White-tailed Deer (Odocoileus virginianus)
Description: White-tailed deer are the smallest members of the North American deer family. Adult white-tail deer have reddish-brown coats in summer which naturally fade to a duller grayish-brown in winter. Male deer, called bucks, are easily distinguished in the summer and fall by their prominent set of antlers. New antlers are grown annually and fall off in the winter.
"White-tailed" refers to the white underside of the deer's tail, which it displays and wags when it senses danger.
These large mammals weigh 110 to 300 lbs (50 to 136 kg). White-tailed ears are considerably smaller than Mule Deer ears.
Range / Habitat:
Deer prefer open woodland, but are often found on the fringes of urban areas and in farming country.
White-tailed deer are found primarily east of the Cascade crest where they are generally less numerous than Mule Deer but are expanding their range. The exception is northeastern Washington where they are more common than Mule Deer in many locations, particularly at lower and mid-elevations.
White-tailed Deer habitat includes areas along streams and rivers, mixed woodlands, farms, forests with multiple successional stages, and burned shrub fields. Generally open areas are used only when thick shrubs or forest are nearby.
Diet: Whitetail deer feed on a variety of vegetation, depending on what is available in their habitat. In eastern forests, buds and twigs of maple, sassafras, poplar, aspen and birch are consumed, as well as many shrubs. In desert areas, plants like the yucca, prickly pear cactus, comal, ratama and various tough shrubs are a mainstay of the diet. Conifers are often eaten in winter when other plants become scarce.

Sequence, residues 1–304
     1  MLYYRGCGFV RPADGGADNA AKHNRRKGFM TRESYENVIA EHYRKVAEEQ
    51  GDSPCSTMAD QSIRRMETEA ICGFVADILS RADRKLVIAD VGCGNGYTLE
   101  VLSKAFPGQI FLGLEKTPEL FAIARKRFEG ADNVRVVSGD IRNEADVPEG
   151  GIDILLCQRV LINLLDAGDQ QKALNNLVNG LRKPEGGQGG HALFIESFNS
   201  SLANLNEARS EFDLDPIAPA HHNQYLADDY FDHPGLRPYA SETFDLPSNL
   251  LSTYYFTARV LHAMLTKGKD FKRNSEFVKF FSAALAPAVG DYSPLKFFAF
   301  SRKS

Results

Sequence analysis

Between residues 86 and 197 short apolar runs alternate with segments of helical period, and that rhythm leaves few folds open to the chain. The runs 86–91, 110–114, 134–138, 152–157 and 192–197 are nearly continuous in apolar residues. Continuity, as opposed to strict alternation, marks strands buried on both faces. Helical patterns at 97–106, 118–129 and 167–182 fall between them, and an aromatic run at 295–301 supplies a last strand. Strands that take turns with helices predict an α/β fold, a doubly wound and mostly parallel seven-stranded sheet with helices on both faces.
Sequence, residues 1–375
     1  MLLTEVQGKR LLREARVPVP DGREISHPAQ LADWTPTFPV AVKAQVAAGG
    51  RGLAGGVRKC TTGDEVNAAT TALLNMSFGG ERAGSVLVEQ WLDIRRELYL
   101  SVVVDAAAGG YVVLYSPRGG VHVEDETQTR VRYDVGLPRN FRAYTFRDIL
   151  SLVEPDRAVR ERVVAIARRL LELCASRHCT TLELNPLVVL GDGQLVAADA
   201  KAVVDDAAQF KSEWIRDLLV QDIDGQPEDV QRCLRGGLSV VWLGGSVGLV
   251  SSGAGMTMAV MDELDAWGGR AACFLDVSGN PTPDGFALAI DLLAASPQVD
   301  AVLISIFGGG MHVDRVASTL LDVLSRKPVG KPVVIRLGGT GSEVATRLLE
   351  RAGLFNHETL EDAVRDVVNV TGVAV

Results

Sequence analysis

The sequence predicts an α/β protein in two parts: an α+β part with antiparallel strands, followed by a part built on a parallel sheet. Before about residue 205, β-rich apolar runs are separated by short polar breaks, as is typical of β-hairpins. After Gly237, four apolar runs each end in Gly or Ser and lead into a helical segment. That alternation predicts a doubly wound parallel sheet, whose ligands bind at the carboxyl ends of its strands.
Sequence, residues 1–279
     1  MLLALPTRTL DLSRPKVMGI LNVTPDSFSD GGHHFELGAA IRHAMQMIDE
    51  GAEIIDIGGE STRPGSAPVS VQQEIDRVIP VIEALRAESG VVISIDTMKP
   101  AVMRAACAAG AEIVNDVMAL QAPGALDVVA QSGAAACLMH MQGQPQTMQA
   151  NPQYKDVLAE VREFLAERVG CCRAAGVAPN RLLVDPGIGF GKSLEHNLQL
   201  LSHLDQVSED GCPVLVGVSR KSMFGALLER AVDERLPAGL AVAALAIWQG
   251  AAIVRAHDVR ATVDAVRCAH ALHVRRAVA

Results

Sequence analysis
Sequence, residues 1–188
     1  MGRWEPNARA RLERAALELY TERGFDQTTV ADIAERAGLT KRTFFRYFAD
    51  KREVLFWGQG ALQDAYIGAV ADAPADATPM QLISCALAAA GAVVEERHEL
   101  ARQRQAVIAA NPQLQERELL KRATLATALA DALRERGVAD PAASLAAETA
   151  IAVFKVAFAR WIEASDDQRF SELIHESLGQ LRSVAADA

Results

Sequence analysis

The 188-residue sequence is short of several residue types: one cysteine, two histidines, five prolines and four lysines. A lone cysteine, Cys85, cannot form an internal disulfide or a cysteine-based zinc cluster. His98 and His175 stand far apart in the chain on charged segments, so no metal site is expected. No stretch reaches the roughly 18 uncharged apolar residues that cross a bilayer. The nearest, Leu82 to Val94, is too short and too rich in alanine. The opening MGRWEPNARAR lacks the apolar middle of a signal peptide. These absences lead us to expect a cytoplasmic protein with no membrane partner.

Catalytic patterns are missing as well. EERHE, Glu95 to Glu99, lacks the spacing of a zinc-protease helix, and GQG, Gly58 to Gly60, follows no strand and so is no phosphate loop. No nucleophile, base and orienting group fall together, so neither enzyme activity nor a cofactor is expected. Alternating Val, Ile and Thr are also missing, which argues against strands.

Whitetail deer are the most nervous and shy of the deer in Washington. White-tail deer wave their tails characteristically from side to side when they are startled. They are extremely agile and may bound at speeds of up to 30 miles per hour through the forest.
White-tailed females are very protective of their babies (fawns). When looking for food, females leave their offspring in a hiding place for about four hours at a time. While waiting for their mother to return, fawns lay flat on the ground with their necks outstretched, well camouflaged against the forest floor.
Whitetail deer are generally considered solitary, especially in summer. The basic social unit is a female and her fawns, although does have been observed to graze together in large herds.
Whitetail deer are crepuscular, feeding mainly from before dawn until several hours later, and again from late afternoon until dusk. They rest or are inactive during daylight hours.
Antlers do not serve as weapons against predators, but are used during the mating season, when the males fight to breed with females. The bucks antlers are shed from January to March and grow out again in in the spring.
Most white-tailed deer live about 2 to 3 years. The maximum life span in the wild is 20 years, but few deer live past 10 years old.
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White-tailed Deer photo by Natures Pics
More information: Odocoileus virginianus Information - Animal Diversity Web
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